By time the record plays out, you're emotionally drained. As Ian sings
"So you ride yourselves over the fields
And you make all your animal deals
And your wise men don't know how it feels
To be thick as a brick"
But, actually, I'm making it sound like the record WIMPS OUT!
Whereas the last few minutes march along with EMPHASIS! It's a movie
knights. Coming back TRIUMPHANT, EXUBERANT! There's a STRING interlude.
pull at your heartstrings. Before you're deposited back onto your couch.
For the quiet exit. To sit there in stunned silence as you ponder WHAT
THE HELL WAS THAT!!!
And I'm crossing Broadway. Then Santa Monica. Arizona. Wilshire. I'm
climbing to Montana. It's not the short version, it's the WHOLE FUCKING
Yes, there were TWO sides. Did the deejay play all forty odd minutes,
just one half.
I looked at the clock. I wasn't going to be in the car long enough to
And as I cruised with a smile on my face, I thought of how they truly
make them like this at all anymore. The labels had won. THEY dictated
was permissible. The ACTS tailored their music to be radio-friendly.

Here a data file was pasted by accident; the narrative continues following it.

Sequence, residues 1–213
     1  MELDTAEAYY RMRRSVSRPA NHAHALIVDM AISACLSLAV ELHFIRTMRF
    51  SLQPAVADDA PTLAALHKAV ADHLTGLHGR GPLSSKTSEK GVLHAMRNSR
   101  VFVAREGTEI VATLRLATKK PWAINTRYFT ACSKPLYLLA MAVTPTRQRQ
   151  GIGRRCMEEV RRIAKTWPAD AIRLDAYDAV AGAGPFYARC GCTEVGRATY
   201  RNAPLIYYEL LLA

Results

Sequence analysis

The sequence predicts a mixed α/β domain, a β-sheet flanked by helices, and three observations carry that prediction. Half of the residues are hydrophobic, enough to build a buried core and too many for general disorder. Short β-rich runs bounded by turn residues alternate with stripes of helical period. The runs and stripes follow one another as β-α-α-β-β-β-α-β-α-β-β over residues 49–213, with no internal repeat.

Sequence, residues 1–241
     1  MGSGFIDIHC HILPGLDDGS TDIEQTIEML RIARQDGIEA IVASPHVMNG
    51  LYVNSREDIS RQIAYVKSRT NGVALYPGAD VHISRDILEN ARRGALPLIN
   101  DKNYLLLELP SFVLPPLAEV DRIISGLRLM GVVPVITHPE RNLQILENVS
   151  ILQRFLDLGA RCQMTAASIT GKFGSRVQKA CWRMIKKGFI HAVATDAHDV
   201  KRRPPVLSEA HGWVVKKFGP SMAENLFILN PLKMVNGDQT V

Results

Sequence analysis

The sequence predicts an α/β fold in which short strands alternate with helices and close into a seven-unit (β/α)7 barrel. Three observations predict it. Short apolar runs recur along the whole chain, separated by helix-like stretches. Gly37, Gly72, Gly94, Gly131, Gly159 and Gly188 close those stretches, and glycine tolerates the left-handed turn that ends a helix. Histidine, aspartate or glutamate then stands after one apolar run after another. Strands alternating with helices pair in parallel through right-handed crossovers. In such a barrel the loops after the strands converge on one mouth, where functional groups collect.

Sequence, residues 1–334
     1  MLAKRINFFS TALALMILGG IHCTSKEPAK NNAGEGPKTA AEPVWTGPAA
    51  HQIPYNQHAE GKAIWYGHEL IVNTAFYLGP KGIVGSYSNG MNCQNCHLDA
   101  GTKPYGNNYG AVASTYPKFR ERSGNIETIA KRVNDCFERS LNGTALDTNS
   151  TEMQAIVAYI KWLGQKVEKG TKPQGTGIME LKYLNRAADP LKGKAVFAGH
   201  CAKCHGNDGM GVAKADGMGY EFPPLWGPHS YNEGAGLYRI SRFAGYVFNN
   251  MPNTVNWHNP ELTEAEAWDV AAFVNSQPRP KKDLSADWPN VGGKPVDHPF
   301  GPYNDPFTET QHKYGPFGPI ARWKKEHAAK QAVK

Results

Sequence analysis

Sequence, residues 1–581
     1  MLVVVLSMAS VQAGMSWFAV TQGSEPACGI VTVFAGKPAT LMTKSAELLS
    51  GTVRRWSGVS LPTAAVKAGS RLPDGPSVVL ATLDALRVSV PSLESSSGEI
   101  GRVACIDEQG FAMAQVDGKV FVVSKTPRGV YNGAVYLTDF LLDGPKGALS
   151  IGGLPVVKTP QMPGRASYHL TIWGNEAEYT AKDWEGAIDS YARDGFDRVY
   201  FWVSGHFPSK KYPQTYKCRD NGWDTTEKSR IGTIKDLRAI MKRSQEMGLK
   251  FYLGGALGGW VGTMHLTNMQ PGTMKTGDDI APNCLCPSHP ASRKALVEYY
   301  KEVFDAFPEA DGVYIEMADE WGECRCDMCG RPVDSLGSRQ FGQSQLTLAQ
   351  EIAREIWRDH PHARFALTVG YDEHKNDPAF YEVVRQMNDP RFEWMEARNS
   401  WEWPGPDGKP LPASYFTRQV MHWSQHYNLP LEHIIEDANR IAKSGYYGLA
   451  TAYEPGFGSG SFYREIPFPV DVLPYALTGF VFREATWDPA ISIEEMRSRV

But that's over the air radio. Which is dead.
Unlike the promotion men, I thought I never really loved radio, just
music it played.
But driving down Montana, I realized that was wrong. There's something
radio. With a living, breathing human on the other end. Picking songs
to get you off, to remind you, to EDIFY YOU!
Not that it's only songs.
It's comedy. With Eddie Murphy saying that if you look at the tapes of
Reagan and the Pope getting shot, you can see them mouth MOTHERFUCKER!
It's the BBC. For alternative news.
It's XM Live. For concerts 24/7. Elton John, from a period when I never
him. Elvis Costello singing "Everyday I Write The Book". Porcupine
And when I pulled over to park in Brentwood, I turned off the engine,
kept the radio playing. I wanted to keep listening. I was being brought
back. To a day when music ruled. When music was all that counted. When
were on a journey with the artists. Sans the corporate sponsors. Sans
dictatorial labels. When we felt that music could change the world.